The result of last year's General Election saw more independent representatives elected to Dáil Éireann than at any other time in the history of the State. Exhausted by austerity and political tumult, the Irish electorate punished most mainstream parties and it quickly became clear that Independent TDs would be a crucial part of the make-up of the next administration.
Headline writers gleaned much mirth from juxtaposing the irony that in our centenary year of independence, it would be Independent TDs, and not the established Civil War parties, who would provide the fulcrum of power.
Politically speaking, no one covered themselves in glory in the aftermath of the election. Cobbling together the current Government configuration became a painstaking, 70-day-long protracted negotiation process. Fine Gael and Fianna Fáil slugged it out to decide who wouldn't pay for water.
It was a far cry from the visceral patriotism of the GPO in 1916.
As the final shaky third attempt to elect Enda Kenny as Taoiseach evolved into a farcical charade about turf-cutting, we cringed with the nauseating embarrassment of a teenage girl in a no make-up selfie gone viral.
A group of Independent TDs provided a third leg to Fianna Fáil's confidence-and-supply arrangement, and dragged Enda over the line. Back then, many of us thought it would be those Independents who would prove to be the shakiest leg of the stool, the weakest link in the chain.
With the exception of Transport Minister Shane Ross, the Independents at Cabinet were viewed by some as a group of country misfits, politically inferior to the more erudite and urbane blue-shirted brotherhood of posh boys and girls.
Well, a year on, closer analysis suggests otherwise. In fact, some of the Independent ministers are among the most productive in the Cabinet, doing some jobs that a cynic might suggest were only given to them because of their potential toxicity to the Fine Gael core vote.
The Independent Alliance still seems a tad fractured at times. But the premise of independently elected politicians with no elected leader and no party whip acting as a collective within Government was an odd proposition to begin with. However, they are coming to terms with the workings of Government.
From the outside at least, it seems that greater structure is being adopted within the group and better lines of communication seem to be in place now. Although trust between Fine Gael and the Independents generally will not have been improved in the wake of the Sgt Maurice McCabe debacle.
Independent ministers have provided a solid base for Government business. Between them, they have delivered many practical changes which will prove popular with the public, initiatives that Fine Gael will rely upon when it goes to the country looking for votes.
For example, the introduction of the Affordable Childcare Scheme was the 'big-ticket' announcement for Budget 2017. While many ministers in the past (of all political persuasions) were faced with criticism over the high cost of childcare, it was an Independent, Children's Minister Katherine Zappone, who effectively delivered the first steps on the way to a more equitable and fair childcare payment system.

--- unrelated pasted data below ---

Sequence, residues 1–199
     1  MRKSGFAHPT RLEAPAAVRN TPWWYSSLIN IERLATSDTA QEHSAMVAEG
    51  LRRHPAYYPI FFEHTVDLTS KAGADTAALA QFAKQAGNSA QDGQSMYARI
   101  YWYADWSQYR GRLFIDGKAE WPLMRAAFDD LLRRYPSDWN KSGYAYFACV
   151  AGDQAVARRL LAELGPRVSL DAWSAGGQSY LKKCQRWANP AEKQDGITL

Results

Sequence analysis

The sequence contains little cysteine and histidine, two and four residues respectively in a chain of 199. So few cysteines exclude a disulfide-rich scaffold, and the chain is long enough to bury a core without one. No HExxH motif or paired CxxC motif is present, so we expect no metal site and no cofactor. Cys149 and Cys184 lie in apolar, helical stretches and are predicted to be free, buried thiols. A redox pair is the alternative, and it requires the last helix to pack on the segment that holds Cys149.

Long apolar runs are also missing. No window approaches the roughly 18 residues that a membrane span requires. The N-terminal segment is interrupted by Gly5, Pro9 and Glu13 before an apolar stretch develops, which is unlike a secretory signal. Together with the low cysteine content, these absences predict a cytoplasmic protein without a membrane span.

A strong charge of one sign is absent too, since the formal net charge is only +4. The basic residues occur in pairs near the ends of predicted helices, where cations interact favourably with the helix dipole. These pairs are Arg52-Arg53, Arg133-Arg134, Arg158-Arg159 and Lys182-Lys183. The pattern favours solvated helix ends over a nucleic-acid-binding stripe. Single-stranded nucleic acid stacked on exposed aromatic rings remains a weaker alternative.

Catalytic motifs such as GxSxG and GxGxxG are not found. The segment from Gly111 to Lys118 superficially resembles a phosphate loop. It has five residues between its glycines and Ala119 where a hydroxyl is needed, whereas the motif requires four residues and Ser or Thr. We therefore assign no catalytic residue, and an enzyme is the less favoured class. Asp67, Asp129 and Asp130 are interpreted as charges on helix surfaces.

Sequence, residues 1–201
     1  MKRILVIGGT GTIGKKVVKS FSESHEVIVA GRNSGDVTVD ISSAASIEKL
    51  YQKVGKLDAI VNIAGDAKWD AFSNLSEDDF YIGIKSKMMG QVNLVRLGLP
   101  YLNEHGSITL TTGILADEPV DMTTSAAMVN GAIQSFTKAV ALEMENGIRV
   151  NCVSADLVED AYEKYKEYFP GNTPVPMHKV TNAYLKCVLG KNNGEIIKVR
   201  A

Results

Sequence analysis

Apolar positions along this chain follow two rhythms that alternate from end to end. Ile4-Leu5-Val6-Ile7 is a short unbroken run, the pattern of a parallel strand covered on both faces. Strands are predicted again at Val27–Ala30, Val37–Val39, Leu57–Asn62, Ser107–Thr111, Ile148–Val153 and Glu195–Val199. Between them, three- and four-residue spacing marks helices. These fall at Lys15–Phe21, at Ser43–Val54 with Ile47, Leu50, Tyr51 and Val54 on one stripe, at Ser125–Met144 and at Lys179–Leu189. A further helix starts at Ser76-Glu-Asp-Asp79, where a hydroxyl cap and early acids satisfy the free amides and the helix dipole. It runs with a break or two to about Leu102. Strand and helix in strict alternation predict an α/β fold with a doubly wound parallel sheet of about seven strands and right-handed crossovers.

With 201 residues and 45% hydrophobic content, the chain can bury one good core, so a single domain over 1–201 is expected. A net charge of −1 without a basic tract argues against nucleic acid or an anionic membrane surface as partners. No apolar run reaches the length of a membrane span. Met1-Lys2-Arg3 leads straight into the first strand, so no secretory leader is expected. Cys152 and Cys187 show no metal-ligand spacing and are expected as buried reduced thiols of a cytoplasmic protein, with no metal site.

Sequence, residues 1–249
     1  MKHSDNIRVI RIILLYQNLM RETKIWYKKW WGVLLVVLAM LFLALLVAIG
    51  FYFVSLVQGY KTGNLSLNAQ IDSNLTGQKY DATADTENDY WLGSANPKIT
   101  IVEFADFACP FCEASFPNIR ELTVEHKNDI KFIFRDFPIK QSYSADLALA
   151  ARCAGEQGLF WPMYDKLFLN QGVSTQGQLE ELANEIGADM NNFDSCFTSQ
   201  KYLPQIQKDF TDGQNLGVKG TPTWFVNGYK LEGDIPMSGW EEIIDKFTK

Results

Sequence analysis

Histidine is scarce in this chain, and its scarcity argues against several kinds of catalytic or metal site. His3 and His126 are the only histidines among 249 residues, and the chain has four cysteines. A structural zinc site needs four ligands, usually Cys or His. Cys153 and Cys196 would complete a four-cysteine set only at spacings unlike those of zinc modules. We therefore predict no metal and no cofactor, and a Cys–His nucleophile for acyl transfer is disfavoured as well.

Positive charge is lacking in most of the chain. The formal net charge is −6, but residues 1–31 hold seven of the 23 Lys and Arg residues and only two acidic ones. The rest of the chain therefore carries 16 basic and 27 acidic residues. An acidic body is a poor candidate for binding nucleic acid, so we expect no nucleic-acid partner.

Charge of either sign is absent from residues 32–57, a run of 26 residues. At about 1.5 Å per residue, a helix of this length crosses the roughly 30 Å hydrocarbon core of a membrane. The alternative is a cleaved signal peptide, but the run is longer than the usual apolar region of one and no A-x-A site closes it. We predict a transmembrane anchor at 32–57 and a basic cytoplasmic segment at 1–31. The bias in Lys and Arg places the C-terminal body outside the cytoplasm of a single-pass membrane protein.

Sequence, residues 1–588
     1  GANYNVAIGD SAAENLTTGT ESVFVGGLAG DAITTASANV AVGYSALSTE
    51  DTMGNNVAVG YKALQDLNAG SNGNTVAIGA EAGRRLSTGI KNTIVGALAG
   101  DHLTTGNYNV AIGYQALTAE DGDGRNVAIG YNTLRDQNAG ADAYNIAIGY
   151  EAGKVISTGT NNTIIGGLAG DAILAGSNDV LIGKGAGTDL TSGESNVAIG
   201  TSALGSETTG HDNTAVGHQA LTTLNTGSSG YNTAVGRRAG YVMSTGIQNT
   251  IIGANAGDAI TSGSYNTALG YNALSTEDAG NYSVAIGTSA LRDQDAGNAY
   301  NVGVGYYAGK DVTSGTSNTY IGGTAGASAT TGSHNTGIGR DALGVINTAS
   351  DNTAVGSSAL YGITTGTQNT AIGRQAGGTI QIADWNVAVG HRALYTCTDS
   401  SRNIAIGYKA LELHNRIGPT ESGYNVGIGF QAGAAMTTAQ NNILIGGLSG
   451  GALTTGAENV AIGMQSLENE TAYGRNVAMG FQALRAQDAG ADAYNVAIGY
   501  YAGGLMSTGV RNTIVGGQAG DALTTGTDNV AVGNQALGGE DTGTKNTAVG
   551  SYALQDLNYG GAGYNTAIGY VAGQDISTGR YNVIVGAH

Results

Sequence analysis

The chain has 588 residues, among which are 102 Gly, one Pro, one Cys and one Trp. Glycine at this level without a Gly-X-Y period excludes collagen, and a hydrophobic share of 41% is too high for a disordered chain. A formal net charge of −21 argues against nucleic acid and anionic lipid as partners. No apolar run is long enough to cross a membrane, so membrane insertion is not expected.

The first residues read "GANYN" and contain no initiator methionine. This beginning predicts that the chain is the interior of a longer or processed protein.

Another of the more productive Independent contributors to Government is Communications Minister Denis Naughten. Commanding issues such as climate change, waste, broadband and digital safety, the brief is wide and varied but he has shown a calm patience in dealing with some tricky issues in a workmanlike fashion.
Interestingly, even on issues which are outside of his brief, he often provides the voice of reason and calm. Extremely versatile on the public stage, he often appears more convincing than Cabinet colleagues who are actually charged with the brief. Consistently ruling himself out of a return to the Fine Gael stable makes him a powerful and essential part of any future minority government.
Mr Ross has been described by some insiders as truculent and stubborn, but no one disputes that he is a very hard worker. He has earned somewhat of a reputation as the 'absent minister', largely because of his refusal to engage with the media, an anomaly only magnified by the fact that he once was a more frequent visitor to the airwaves than the hourly news bulletin. His latest proposals for changes to the Road Safety Act by imposing a mandatory disqualification for first-time drink-driving offenders are as ambitious and unapologetic as the man himself.
Ironically, a lot of this good work is increasingly being overshadowed by a collection of crises caused by Fine Gael which, based on experience alone, should be the more cohesive part of this administration.
As its leadership contest continues as an open secret, Fine Gael seems unabashed by the paralysis it is inflicting on public policy. Convulsed by the posh boy beauty pageant between ministers Simon Coveney and Leo Varadkar, life outside Leinster House goes on. The Independent ministers within Cabinet are simply getting on with their work.
Whoever ultimately succeeds Enda Kenny as leader of Fine Gael (and as Taoiseach) will inherit a somewhat dysfunctional Government; principally down to Fine Gael's own failings.
But there is some good news for Fine Gael. The Independent ministers have agendas to fulfil.
Having finally got their feet ensconced under the Cabinet table, they do not want to go anywhere. Secondly, opinion polls are shifting. Ironically, voters are switching away from Independent candidates and returning to mainstream parties, at a time when arguably Independent ministers have never been more politically productive.
Maybe Michael Fitzmaurice TD was right to stay out of the Government mix in the first place. Turf cutters unite, we truly are ungrateful sods.
Mandy Johnston is a former government press secretary